The costs of hiring an influencer are steep — some influencers can ask for commissions of 30% or more — but it’s a good way to drive excitement, impulse purchases and immediate sales conversions. An added benefit is that brands can raise awareness among a newer niche customer group that they haven’t been able to reach in the past. 

Burberry invited a top key opinion leader, Yvonne Ching, to visit its Kerry Center store in Shanghai; the Kerry Center is one of the most high-end shopping malls in the city. During the video, Ching freely walked around the store so that the camera could give viewers a more realistic shopping experience. The video attracted over 1.4 million views, selling out most of the featured products within just an hour. 

Could such a phenomenon occur in the US?

Amazon has been experimenting with its Amazon Live platform, but there is one important yet subtle difference in that the brands tend to be less well-known brands. The more premium brands prefer to sell through their official brand website. In China, official brand websites are less common as Taobao/Tmall quickly became the dominant e-commerce platform as Chinese internet users started to move to smartphones for the first time.

Additionally, in China, the brands that tend to have the most success are the larger ones who are well-known and have big budgets to afford to work with the top influencers. Influencers do a good job at converting customers who are on the fence, but only the top ones are able to get fans to buy a product they’ve never heard of before. Since the brands selling on Amazon Live tend to be less well-known, there may be difficulties in getting livestreaming e-commerce to work out.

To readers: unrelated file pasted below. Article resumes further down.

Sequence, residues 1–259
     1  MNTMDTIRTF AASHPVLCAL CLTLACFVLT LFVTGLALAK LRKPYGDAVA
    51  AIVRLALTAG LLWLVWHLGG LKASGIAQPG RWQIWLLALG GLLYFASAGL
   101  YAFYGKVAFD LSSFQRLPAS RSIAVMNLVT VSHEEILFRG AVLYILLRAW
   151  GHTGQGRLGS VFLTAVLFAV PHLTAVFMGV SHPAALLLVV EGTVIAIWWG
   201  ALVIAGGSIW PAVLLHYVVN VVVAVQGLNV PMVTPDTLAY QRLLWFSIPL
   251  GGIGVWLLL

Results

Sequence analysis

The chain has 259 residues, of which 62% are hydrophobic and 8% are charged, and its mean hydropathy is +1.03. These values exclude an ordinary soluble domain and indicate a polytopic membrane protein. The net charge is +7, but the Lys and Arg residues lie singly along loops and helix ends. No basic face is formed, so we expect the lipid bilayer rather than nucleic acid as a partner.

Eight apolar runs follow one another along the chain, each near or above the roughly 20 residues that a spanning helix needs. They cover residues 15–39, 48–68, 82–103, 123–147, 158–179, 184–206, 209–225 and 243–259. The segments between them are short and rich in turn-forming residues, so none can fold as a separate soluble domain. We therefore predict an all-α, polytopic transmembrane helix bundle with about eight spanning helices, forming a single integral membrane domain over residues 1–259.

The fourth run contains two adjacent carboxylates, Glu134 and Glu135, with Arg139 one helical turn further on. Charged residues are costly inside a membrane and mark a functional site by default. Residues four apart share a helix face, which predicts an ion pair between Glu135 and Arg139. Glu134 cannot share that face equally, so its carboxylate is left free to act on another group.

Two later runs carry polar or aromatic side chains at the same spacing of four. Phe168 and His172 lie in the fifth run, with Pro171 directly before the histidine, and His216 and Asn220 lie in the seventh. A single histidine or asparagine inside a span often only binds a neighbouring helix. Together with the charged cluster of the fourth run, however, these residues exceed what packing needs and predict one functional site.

Nevertheless, it is still early to tell and it remains to be seen how both merchants and customers alike will be receptive to livestreaming in the United States.

With private traffic groups, brands and online retailers have asked store employees to make use of their free time by setting up 500-person WeChat groups for VIP customers. The store employees then dispense fashion and beauty tips, as well as discount promotions. This is especially the case for luxury brand stores and beauty counters at department stores, where deeper customer engagement is a crucial part of the shopping experience.

The idea is that:

  1. Customers are more receptive to instant messages than e-mail messaging in China, and
  2. Group settings can drive more engagement and entertainment than in one-on-one settings.

In China, connections are influential, as consumers tend to be social buyers who seek confirmation and approval from their peers before making purchases.

One notable brand making use of this is China’s local sportswear brand, Anta Sports. This particular company asked 30,000 of its store employees and distributor partners to help sell products on WeChat. The company gave each of them customized QR codes on WeChat so that customers could pay with WeChat Pay; the QR codes were designed to keep track of commissions for each employee.

In other cases, brands may also roll out interactive WeChat games to keep people entertained, distributing them in these WeChat groups and inserting product ads in the games to remind customers to make purchases. Top beauty brand Perfect Diary released a Valentine’s Day game in which the user has to complete challenges to protect the “lonely single dog” from harm. In China, being single is frowned upon and the term “lonely single dog” has become popular in the everyday use of slang among Chinese millennials.

Key Takeaways

  1. China’s on-demand delivery services infrastructure has kept the country running and well-fed throughout the coronavirus pandemic. Similar services in the US may see a surge in demand as people stay at home and restaurants have no choice but to resort to delivery services to drive revenues.
  2. Livestreaming e-commerce has proved to be particularly popular as brands seek to entertain bored shoppers stuck at home. While livestreaming can’t completely replicate an offline luxury store experience, it’s the closest a brand can come to doing so online, and many brands have been successful at using influencers to drive sales conversions.
  3. Another common tactic is the use of private WeChat traffic groups, in which store employees set up 500-person WeChat groups to circulate beauty tips, articles, promotions, and even interactive games to keep people entertained. This helps increase engagement and cultivate the customer for future purchases.


Franklin Chu is managing director the US for Azoya International, a provider of turnkey cross-border e-commerce solutions to assist retailers looking to expand into China through a cost-effective and lower-risk method. To date, over 35 retailers in 11 countries are partnering with Azoya to expand into China with ease.